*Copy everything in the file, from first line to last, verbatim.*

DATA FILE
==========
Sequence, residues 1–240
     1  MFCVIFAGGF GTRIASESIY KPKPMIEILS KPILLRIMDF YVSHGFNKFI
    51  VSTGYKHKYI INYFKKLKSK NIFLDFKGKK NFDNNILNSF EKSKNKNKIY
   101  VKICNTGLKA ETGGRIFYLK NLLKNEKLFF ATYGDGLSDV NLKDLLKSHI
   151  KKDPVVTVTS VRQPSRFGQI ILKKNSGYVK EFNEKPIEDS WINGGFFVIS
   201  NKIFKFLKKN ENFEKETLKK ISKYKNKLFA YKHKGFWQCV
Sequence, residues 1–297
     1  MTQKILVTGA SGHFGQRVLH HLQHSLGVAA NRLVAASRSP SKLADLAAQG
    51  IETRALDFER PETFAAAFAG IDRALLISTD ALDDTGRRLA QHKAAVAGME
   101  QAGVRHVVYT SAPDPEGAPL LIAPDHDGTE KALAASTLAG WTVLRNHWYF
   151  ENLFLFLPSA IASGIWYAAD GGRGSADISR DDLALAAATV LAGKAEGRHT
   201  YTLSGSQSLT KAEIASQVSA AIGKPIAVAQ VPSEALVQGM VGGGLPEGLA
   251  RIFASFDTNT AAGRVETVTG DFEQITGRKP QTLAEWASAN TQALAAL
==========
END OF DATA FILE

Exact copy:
Sequence, residues 1–240
     1  MFCVIFAGGF GTRIASESIY KPKPMIEILS KPILLRIMDF YVSHGFNKFI
    51  VSTGYKHKYI INYFKKLKSK NIFLDFKGKK NFDNNILNSF EKSKNKNKIY
   101  VKICNTGLKA ETGGRIFYLK NLLKNEKLFF ATYGDGLSDV NLKDLLKSHI
   151  KKDPVVTVTS VRQPSRFGQI ILKKNSGYVK EFNEKPIEDS WINGGFFVIS
   201  NKIFKFLKKN ENFEKETLKK ISKYKNKLFA YKHKGFWQCV
Sequence, residues 1–297
     1  MTQKILVTGA SGHFGQRVLH HLQHSLGVAA NRLVAASRSP SKLADLAAQG
    51  IETRALDFER PETFAAAFAG IDRALLISTD ALDDTGRRLA QHKAAVAGME
   101  QAGVRHVVYT SAPDPEGAPL LIAPDHDGTE KALAASTLAG WTVLRNHWYF
   151  ENLFLFLPSA IASGIWYAAD GGRGSADISR DDLALAAATV LAGKAEGRHT
   201  YTLSGSQSLT KAEIASQVSA AIGKPIAVAQ VPSEALVQGM VGGGLPEGLA
   251  RIFASFDTNT AAGRVETVTG DFEQITGRKP QTLAEWASAN TQALAAL